Hard to Hire

How to stop getting ghosted

24-year-old Hunter is confused. He’s looking for a job, but after two supposedly successful interviews he’s still in the hiring process. In fact, he is in the same multi-interview process with three other companies, all of which have told him repeatedly how interested they are in him. But if he is such a perfect fit for the corporate world, why is he still at home gaming online all day with dudes in Finland?


Hunter’s opinion is that these companies are much more interested in questioning his worthiness than understanding why he is right for the job. He feels undervalued by organizations that have not even hired him yet! He’s starting to think about quitting a job he has not officially been offered. He thinks, “Maybe I can just take some time off”—whatever that means when you don’t have a job—“or go back and get a master’s degree.”

Because Hunter lives at home (with parents who are actually kind of glad he still lives with them), he does not have any significant bills to pay. Getting a job is what society tells him he needs to do, but it is not in any way what he actually has to do. If you’re thinking Hunter’s circumstances are rare, you’re not aware of what is now a cultural norm; Pew Research reports that 52% of young adults (ages 18-29) in the U.S. now live with their parents.


Between long, often confusing hiring practices that make sensitive young people feel “pre- rejected” and minimum motivation to get out and start an independent life, companies will need to dramatically and quickly change their approach to hiring. Below are three tips that have proved effective in helping organizations hire the young workers they need right now. 

  1. Hire faster. These days, if you cannot make a decision on a candidate after two interviews, the issue is likely your hiring process and not the candidate. If you don’t speed up your hiring, expect to be ghosted often, even by those who’ve accepted the job. Remember that when you’re young, the future is next week.
  2. Engage at first sight. Make it extremely obvious how valuable these promising young candidates are to your organization and how their specific talents and abilities can help your company to succeed. Also let them know how their job (and they themselves) will make a difference in the world. People in their 20s are very literal; they will not believe you genuinely value them unless you specifically state it.
    2.5. Pause for the cause. Making young candidates watch an 18-minute orientation video that they cannot pause is a guaranteed way to make them not feel valuable during recruiting or onboarding. Considering they can pause Facebook, YouTube, Instagram, and every other video on earth, it makes them feel you don’t know who they are. If there’s one cause all young people can get behind, it’s the pause.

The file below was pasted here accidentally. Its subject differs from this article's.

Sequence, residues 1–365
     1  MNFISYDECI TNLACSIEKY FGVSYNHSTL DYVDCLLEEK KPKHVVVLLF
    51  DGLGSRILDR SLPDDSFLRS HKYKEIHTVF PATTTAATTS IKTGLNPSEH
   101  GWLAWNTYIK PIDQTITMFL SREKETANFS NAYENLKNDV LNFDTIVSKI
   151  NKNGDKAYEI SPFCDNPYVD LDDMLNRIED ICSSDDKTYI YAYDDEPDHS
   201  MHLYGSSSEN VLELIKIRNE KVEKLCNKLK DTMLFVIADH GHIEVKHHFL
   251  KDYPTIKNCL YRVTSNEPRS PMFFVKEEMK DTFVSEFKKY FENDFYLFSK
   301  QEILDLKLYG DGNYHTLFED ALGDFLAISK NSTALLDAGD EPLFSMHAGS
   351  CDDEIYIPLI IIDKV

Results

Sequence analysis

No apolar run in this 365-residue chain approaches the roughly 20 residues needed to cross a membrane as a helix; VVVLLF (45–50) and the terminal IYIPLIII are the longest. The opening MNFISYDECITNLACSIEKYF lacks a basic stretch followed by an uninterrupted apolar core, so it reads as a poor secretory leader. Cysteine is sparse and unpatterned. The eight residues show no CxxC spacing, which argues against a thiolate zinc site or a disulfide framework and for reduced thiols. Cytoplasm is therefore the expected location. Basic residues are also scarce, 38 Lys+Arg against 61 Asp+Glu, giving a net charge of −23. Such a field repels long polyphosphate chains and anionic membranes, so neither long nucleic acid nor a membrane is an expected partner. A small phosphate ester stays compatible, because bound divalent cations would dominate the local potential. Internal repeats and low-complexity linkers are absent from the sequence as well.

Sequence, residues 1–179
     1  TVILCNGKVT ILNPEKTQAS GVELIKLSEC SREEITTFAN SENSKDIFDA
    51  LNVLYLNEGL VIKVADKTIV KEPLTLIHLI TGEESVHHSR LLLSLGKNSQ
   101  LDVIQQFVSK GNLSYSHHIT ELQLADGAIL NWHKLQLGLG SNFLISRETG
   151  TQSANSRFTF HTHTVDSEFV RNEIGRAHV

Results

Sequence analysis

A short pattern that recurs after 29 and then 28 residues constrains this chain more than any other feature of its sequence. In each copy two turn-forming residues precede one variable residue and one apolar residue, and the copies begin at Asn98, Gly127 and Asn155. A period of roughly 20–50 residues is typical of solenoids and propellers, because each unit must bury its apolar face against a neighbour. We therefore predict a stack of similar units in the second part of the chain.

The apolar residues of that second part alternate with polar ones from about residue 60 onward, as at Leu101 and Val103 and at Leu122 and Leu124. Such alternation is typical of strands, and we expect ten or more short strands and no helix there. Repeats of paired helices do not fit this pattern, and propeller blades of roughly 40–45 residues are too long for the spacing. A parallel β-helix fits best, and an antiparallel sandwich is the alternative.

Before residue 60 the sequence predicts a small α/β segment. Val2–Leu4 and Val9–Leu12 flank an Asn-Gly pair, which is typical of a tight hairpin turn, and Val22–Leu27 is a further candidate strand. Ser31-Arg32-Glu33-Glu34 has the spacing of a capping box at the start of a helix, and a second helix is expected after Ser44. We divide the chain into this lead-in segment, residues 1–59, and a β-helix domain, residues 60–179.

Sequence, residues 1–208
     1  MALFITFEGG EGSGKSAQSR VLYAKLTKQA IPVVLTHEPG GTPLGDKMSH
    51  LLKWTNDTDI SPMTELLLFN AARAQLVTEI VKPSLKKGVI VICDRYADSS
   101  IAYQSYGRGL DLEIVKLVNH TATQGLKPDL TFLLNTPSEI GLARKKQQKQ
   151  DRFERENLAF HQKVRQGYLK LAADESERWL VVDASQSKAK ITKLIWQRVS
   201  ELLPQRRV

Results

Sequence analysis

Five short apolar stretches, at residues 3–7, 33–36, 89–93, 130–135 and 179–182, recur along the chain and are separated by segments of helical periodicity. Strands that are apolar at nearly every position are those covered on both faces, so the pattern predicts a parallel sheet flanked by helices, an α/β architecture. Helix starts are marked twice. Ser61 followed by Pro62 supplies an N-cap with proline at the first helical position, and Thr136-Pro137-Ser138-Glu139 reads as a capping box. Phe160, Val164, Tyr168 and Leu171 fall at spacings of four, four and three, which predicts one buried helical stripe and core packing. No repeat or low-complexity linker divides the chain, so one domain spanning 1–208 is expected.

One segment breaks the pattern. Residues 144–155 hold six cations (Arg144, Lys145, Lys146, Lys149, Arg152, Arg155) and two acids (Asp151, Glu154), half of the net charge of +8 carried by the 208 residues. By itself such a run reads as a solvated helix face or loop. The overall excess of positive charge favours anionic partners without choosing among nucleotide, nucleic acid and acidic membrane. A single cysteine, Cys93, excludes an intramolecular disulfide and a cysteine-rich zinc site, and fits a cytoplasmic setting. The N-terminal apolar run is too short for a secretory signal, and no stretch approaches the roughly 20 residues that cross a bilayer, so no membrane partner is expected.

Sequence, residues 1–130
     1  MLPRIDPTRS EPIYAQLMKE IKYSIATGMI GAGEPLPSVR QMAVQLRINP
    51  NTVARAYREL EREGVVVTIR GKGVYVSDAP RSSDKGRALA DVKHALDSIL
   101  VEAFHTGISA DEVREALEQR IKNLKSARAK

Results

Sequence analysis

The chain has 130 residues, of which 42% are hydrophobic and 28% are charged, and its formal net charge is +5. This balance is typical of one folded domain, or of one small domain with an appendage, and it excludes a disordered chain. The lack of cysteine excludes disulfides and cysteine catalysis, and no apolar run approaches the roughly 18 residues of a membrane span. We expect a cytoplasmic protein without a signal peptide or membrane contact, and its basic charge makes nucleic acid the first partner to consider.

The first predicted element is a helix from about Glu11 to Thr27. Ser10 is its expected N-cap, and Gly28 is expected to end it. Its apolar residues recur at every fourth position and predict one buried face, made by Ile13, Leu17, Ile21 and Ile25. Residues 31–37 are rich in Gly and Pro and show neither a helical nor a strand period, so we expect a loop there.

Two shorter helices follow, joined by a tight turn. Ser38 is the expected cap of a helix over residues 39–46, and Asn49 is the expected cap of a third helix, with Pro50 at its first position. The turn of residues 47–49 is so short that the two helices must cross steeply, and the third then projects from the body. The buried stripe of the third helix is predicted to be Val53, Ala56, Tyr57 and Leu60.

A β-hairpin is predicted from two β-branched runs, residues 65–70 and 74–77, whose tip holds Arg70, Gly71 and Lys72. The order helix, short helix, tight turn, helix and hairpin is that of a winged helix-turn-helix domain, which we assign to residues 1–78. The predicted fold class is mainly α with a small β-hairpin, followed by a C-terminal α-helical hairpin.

3. Remove repetition. Young candidates complain of being strung along. Giving them Birkman-ish tests and assessments that ask the exact same questions you asked in a phone/onsite interview makes them feel like you don’t know what you’re doing. Make sure your hiring process moves forward in an orderly fashion and it’s not just a random “gauntlet” of approval.

With the complexities of young people believing the company they’re applying to should have unwavering fairness and a flexible work environment, the real barrier to finding good people (according to the most qualified candidates themselves) is that getting hired seems unnecessarily demoralizing and annoying. And that’s not paraphrasing—that’s exactly what they’ve said! In a series of casual interviews over six months, we were shocked to hear repeatedly from 20- to 32-year-old job candidates that the interview process was humiliating, something they’d prefer not to do if they could find a way around it. Not only did the bad job-search experience drive many to consider doing something with their future besides working; it also was the leading cause of underemployment for those with educations in specific fields. In short, don’t be surprised to learn that your Uber driver has a master’s degree.

We’re not totally off base if we blame employee shortages on the employees themselves. And there’s certainly some truth to the lack of candidates out there: almost half (48%) of unemployed young adults are not looking for a full-time job, reports the Brookings Institute. But it’s interesting that so many of those candidates point to the hiring process as the real culprit. Admittedly, it’s not easy to match the expectations of those who’ve been groomed to expect a lot. Still, we must make sure that in our desperate attempt to get it right, we have not actually increased our chances of getting it wrong.

The Real Truth About Safety Leadership

How Focusing on Strengths and Reducing Stress Creates a Culture of Awareness

Not so long ago, we mistakenly felt compliance was the key to safety. We believed that if we could just get Bobby to pay attention to what he was doing, we would win the safety award (that we just invented). The plan was to tell stressful stories of fatalities, complete with a 20-minute video that was 17 minutes too long. If we could include a sad story that caused immediate anxiety, we just knew the message had to stick.

To be clear, I do agree that people have to be held to a standard. I also might emphasize that accountability to a specific set of procedures is the framework of any good safety program. But all research points to one undeniable truth about human behavior: if you focus only on people’s weaknesses, they will ultimately feel weak! They will typically feel less confident or — perhaps worse — become complacent, which can lead them to emotionally check out and lose their natural awareness.